"An Extreme Choice" -- What Two of Wisconsin's Leading Progressive Journalists Think About Mitt Romney's Pick of Paul Ryan
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Now, what’s fascinating is that about a couple months ago, when he was going to speak at a Catholic university, a number of Catholic scholars wrote a letter saying, "You know, we kind of have a problem with this, because Ayn Rand was an atheist who was very condemnatory of what we think of as Catholic social justice teaching and all that." Well, Ryan immediately ran over to the National Review, did an interview and said, "Well, I’m not really a fan of Ayn Rand." It was a bizarre thing, because he was distancing himself from a hero.
AMY GOODMAN: Think Progress writes, "Rand described altruism as 'evil,' condemned Christianity for advocating compassion for the poor, viewed the feminist movement as 'phony,' and called Arabs 'almost totally primitive savages.'"
JOHN NICHOLS: But there’s something more than that. All of that, she did not back Ronald Reagan in 1980 because he was anti-abortion, because she thinks—she thought abortion was a great idea—maybe not for the best of reasons. Now, the fascinating thing is that despite Paul Ryan’s wild attempts in recent months to very much distance himself from Ayn Rand, there was a quote in the Milwaukee Journal Sentinel yesterday from his brother Tobin, who said, "Oh, Paul can quote every verse of Ayn Rand." And so, I think it’s very important to understand that Paul Ryan—I don’t think he’s an atheist. I think Paul Ryan melds extreme right-wing Catholicism, particularly on social issues, with Ayn Rand’s philosophy as regards government and a very kind of selfish image of how we should relate to others.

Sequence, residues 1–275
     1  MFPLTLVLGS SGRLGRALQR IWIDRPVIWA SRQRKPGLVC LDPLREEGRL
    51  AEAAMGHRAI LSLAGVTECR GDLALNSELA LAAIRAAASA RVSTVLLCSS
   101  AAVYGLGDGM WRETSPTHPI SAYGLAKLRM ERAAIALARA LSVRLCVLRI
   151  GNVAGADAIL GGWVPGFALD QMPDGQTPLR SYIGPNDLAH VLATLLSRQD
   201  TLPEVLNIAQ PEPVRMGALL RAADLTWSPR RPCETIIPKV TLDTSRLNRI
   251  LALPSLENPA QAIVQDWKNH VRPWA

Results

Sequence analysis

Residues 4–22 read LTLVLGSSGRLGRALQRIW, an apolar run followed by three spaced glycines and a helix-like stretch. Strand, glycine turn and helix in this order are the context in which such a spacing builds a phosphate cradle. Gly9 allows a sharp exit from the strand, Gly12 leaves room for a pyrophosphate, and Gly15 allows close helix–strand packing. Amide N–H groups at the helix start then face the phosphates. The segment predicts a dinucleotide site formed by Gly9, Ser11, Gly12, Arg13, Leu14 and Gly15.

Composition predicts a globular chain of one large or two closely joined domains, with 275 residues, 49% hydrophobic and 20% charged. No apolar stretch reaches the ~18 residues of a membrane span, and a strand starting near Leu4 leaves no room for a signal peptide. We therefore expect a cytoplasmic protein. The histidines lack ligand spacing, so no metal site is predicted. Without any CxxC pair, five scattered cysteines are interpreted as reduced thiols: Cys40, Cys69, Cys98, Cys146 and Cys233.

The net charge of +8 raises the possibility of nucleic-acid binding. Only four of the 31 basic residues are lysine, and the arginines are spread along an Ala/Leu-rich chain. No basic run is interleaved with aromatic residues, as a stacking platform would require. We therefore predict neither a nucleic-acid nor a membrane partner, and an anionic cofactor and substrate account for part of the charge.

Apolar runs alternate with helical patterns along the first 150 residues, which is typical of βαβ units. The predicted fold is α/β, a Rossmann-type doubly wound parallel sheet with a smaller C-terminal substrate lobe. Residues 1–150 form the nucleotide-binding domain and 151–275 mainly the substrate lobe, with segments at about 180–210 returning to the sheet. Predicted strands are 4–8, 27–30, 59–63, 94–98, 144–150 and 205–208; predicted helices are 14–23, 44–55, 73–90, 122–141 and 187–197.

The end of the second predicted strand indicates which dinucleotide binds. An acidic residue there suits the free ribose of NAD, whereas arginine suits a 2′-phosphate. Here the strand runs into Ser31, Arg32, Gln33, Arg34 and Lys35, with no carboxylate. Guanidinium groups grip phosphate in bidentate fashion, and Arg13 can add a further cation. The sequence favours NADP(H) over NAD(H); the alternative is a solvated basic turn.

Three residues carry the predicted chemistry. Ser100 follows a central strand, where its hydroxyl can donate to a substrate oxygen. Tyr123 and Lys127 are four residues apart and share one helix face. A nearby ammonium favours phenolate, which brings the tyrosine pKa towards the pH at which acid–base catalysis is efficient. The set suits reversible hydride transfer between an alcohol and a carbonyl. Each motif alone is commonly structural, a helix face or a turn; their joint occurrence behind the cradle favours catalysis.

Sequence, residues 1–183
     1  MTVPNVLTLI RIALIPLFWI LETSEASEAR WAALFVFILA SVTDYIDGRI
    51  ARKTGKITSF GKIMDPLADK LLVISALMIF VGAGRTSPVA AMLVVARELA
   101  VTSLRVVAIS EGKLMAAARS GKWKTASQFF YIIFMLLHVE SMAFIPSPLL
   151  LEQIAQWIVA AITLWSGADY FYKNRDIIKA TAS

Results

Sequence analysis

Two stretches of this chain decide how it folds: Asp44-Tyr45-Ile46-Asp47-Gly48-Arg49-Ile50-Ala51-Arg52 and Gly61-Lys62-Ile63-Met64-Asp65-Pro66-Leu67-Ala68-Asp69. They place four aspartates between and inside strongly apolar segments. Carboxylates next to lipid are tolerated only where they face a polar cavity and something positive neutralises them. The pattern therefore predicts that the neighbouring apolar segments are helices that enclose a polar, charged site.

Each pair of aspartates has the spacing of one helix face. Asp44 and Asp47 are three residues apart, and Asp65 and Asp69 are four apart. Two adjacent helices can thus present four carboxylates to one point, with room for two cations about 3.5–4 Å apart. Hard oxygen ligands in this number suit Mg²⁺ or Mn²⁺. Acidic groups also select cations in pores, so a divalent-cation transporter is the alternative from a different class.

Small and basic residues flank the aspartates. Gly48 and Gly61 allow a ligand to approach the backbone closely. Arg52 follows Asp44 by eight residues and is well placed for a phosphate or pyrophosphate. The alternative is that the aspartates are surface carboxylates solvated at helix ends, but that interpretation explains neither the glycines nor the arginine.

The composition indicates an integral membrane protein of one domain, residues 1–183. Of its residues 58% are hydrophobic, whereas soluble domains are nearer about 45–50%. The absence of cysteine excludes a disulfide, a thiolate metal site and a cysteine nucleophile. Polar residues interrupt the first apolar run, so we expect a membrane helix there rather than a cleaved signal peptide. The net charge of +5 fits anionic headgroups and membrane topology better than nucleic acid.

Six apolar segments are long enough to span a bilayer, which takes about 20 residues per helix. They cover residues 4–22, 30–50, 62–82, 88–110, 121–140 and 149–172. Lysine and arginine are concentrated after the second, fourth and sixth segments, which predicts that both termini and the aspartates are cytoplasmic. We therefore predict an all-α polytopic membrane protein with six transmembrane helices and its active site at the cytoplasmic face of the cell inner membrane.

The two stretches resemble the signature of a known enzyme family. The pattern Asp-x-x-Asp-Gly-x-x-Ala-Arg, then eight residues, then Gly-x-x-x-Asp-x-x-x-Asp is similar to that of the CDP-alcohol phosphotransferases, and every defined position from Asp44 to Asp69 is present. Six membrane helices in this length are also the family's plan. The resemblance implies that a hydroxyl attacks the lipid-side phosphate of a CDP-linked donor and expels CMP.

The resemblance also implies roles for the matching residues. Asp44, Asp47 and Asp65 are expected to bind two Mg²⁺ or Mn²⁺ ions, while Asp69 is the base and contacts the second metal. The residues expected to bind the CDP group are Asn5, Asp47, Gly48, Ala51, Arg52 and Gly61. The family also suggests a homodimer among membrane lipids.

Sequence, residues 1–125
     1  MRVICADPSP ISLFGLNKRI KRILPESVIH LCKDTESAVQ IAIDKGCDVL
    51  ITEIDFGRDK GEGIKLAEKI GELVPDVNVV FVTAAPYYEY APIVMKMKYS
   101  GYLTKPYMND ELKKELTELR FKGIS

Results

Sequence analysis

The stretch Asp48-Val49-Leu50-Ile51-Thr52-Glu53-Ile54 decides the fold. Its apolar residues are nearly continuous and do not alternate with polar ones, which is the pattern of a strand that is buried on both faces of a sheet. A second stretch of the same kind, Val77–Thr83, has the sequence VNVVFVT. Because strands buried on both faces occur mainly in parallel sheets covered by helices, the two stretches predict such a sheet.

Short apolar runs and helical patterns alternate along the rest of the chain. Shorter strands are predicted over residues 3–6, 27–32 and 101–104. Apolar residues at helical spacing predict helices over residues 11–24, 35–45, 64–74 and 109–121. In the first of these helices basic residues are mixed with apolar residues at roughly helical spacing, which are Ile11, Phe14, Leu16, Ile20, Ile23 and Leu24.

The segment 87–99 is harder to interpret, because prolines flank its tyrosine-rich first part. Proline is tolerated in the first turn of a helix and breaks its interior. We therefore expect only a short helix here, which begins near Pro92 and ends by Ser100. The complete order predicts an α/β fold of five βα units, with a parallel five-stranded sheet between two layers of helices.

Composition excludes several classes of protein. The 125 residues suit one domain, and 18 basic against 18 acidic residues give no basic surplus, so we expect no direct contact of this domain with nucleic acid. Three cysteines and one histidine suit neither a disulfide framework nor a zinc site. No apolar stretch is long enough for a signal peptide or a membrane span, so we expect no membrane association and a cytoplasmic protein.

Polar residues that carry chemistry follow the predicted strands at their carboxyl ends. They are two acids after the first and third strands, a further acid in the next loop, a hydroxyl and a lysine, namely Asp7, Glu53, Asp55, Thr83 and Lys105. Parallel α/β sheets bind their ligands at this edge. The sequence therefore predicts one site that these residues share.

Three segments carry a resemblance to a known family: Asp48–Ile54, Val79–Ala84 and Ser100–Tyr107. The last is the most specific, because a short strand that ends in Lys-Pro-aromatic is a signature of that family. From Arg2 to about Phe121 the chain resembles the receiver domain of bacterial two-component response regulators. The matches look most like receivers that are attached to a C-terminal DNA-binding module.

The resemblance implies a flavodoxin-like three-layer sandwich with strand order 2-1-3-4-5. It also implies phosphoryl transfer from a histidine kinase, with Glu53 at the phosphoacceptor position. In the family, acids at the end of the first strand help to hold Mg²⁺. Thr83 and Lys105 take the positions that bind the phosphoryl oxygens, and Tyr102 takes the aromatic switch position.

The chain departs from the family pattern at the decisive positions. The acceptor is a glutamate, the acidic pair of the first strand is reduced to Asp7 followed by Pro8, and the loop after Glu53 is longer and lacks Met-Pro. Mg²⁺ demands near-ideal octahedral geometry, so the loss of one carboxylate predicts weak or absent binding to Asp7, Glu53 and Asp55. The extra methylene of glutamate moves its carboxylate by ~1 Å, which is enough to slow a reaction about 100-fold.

AMY GOODMAN: Speaking at a fundraiser in Chicago, he welcomed Paul Ryan to the race, calling him the ideological leader of the Republican Party.
PRESIDENT BARACK OBAMA: It’s an idea propagated by the other side that somehow we’re going to grow this economy from the top down and that if people at the top are doing really, really well, then everybody else is automatically going to benefit. Now, this kind of top-down economics is central to Governor Romney, and it is central to his running mate. Just yesterday morning, my opponent chose his running mate, the ideological leader of the Republicans in Congress, Mr. Paul Ryan. And I want to congratulate—
PRESIDENT BARACK OBAMA: No, no, no, no. Look, I want to congratulate Congressman Ryan. I know him. I welcome him to the race. Congressman Ryan is a decent man. He is a family man. He is an articulate spokesman for Governor Romney’s vision. But it’s a vision that I fundamentally disagree with.
AMY GOODMAN: That was President Obama at a Chicago fundraiser. Matt Rothschild, what President Obama was saying, that he is the chief ideologist of the Republican Party?
MATTHEW ROTHSCHILD: Well, I think that’s correct, and I don’t know why Obama needed to second the nomination of Paul Ryan there. Maybe he thinks it’s a big plus for his campaign. But, you know, Obama has been praising Ryan, in a way, for the last couple years. During budget negotiations, he praised him for his seriousness on his proposals on Medicare and Social Security and budget reform, even though he didn’t agree with him. But, you know, you’ve got to be careful what you ask for, because I think the glee that some people in the Democratic Party have about running against Romney-Ryan needs to be qualified, because it’s—it is possible that Ryan is going to help the ticket. And I think, as the ideologist of the Republican Party, this is a victory anyway for Wall Street. It’s a victory for the Republican Party’s right wing, because here you have a guy who’s out there, you know, peddling this stuff constantly about how great the free enterprise system is and how we need to cut government and how deficits are the worst thing in the world and we’ve got to focus on them as opposed to helping people. And so, you know, I think it’s quite possible that Ryan may help. He may help in Wisconsin, and he may help in some other states.